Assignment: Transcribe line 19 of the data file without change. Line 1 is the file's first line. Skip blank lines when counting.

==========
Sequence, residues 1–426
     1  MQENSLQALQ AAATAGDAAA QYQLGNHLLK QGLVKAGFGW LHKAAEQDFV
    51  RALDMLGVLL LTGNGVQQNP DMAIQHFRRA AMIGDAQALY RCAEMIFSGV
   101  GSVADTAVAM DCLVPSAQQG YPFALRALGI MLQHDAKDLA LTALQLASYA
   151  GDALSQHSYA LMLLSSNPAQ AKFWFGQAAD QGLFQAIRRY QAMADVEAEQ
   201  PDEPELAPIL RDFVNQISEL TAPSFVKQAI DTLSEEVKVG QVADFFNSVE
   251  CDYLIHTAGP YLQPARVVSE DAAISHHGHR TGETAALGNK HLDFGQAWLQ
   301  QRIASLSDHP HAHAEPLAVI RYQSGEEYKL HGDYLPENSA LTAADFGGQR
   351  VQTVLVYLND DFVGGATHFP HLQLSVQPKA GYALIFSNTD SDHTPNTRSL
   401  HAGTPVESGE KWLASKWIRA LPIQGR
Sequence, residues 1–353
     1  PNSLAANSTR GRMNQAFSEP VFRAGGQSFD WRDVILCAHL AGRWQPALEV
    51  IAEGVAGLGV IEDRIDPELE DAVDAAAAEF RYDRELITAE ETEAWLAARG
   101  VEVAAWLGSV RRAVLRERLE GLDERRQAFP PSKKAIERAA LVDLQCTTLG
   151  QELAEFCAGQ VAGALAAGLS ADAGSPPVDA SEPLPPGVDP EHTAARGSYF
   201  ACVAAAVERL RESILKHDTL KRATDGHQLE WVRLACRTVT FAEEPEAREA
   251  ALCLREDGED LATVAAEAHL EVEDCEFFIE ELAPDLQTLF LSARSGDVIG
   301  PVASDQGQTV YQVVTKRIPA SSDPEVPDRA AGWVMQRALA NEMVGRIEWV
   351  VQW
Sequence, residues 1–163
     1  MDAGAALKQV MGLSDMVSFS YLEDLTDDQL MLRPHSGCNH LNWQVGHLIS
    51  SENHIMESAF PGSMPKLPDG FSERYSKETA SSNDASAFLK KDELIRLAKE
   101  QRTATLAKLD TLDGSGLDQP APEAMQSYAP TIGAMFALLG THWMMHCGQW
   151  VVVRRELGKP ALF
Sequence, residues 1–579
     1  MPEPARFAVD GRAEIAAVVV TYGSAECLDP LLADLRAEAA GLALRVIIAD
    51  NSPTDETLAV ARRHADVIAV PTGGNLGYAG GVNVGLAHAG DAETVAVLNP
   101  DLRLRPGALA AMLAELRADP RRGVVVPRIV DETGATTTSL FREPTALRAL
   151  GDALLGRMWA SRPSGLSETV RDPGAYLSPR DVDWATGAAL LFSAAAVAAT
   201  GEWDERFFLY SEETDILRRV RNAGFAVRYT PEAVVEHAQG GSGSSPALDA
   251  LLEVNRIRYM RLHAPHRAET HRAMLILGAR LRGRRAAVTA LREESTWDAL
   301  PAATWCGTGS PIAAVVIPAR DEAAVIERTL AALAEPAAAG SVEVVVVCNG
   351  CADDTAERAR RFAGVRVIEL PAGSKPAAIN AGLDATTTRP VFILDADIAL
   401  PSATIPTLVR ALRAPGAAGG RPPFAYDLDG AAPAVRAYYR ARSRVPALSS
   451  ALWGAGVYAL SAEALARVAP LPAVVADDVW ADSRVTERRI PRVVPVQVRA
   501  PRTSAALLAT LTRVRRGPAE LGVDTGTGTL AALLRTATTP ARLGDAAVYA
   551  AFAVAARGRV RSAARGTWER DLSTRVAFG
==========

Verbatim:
   351  VQW